Can you define a series of tasks that you would like to have Beta successfully execute before he moves on to the next level? He shows he can undock, dock, moor and unmoor unsupervised; he then gets to go on day sails or overnights without you. He can reef in 25 knots of wind; he can go 100 miles from the home port, etc.

All of this is separate from how much he owns. You set a price and payment schedule, with the ability to speed up the process. Of course, if you decide you need or want to sell before his last payment is due, he has right of first refusal. And if you do sell before he can or wants to become the owner, he is paid back his equity from the sale proceeds.

The amount of equity could be used as a marker for how much he gets to use the boat. First season, he gets x number of days that he can use for the activities he’s qualified for. including unlimited sails with Captain Alpha (that’s you). Next season, his equity is greater, so his number of solo days increases. Presumably, his competence also grows, so he can do more with the boat without you aboard. You would probably also want to address how to handle any potential upgrades during the transition period, as well as responsibility for repairs. Level of maintenance would also be important. Who gets to decide if you need new running rigging or a bottom job? Or even if the last person left the icebox clean enough?

I know that a big part of this for you is having someone to sail with to ease your burden, but frankly, I don’t see how you could make that mandatory. You can make it so that you and Beta sail together so he can prove his competence, but other than that, it would have to be voluntary on his part. Unlike some here, I could see how that would be attractive. Not a lot of my friends know how to sail, so having a partner to do some cruising with sounds good to me. However, it wouldn’t be a very steady gig; maybe once a season? And while I also get the whole mentoring thing, I don’t think that’s a long term option either. Is there really that much to teach about Shiva? I would think that after a season of mentoring and Shiva- U, Beta is going to know everything he is able to learn about the boat. Of course, you still have much to impart in the ways of seamanship, but again, you can’t force your company on the Beta’s.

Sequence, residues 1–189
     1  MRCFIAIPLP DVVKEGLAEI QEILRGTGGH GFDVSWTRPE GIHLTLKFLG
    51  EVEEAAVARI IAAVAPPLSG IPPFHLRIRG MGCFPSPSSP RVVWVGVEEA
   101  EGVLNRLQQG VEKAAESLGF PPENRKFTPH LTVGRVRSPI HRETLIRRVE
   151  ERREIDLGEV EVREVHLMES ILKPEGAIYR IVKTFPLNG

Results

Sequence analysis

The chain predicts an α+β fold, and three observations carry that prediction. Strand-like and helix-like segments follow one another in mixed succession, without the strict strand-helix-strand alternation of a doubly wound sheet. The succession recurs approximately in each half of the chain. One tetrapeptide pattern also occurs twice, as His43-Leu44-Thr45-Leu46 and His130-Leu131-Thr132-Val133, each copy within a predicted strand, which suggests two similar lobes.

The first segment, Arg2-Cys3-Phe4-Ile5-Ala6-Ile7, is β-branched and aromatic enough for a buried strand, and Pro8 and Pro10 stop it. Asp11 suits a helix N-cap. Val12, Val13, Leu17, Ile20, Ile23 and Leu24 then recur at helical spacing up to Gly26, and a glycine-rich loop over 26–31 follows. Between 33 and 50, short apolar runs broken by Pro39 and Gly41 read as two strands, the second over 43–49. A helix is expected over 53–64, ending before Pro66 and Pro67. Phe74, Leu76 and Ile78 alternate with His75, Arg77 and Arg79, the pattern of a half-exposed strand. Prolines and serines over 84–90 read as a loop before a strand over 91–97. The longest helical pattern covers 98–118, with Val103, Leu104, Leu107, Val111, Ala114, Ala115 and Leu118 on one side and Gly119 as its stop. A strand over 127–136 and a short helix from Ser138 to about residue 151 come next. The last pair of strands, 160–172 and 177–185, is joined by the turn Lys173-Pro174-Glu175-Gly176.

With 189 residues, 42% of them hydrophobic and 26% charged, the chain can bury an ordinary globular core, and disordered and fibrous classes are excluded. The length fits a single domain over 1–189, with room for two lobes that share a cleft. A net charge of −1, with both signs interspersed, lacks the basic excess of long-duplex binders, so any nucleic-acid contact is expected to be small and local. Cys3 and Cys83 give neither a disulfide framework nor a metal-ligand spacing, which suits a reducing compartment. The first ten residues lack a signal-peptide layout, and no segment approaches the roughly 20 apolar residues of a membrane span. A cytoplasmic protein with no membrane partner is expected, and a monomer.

In short, unless you find a true partner, I think the best you are looking at is one more season with Shiva. After that, you will be an owner waiting for an invitation to sail from the other owner.
SanderO and chef2sail like this.
mstern is online now  
post #138 of 138 Old 10-23-2019 Thread Starter
Senior Member
 
SanderO's Avatar
 
Join Date: Jul 2007
Location: Northport, NY
Posts: 3,823
Thanks: 2
Thanked 95 Times in 95 Posts
Rep Power: 13
 
Re: Exiting Strategies for Boat Ownership

Quote:
Originally Posted by mstern View Post
This is really the question, or more practically, is there anyone out there willing to do a deal like this?

Like everyone else here, I hope you find someone that fits the bill. Most of the negative comments seem to originate in the fact that the commentators would never want something like this. I include myself in that group, btw. It doesn’t mean an acceptable candidate doesn’t exist, just that he’s probably not on Sailnet!

But your question about how to gradually transfer ownership might be solved by bifurcating the issues: you have the “what should Captain Beta be allowed to do with the boat?” question, and “how much equity does Beta own”?

Can you define a series of tasks that you would like to have Beta successfully execute before he moves on to the next level? He shows he can undock, dock, moor and unmoor unsupervised; he then gets to go on day sails or overnights without you. He can reef in 25 knots of wind; he can go 100 miles from the home port, etc.

All of this is separate from how much he owns. You set a price and payment schedule, with the ability to speed up the process. Of course, if you decide you need or want to sell before his last payment is due, he has right of first refusal. And if you do sell before he can or wants to become the owner, he is paid back his equity from the sale proceeds.

The amount of equity could be used as a marker for how much he gets to use the boat. First season, he gets x number of days that he can use for the activities he’s qualified for. including unlimited sails with Captain Alpha (that’s you). Next season, his equity is greater, so his number of solo days increases. Presumably, his competence also grows, so he can do more with the boat without you aboard. You would probably also want to address how to handle any potential upgrades during the transition period, as well as responsibility for repairs. Level of maintenance would also be important. Who gets to decide if you need new running rigging or a bottom job? Or even if the last person left the icebox clean enough?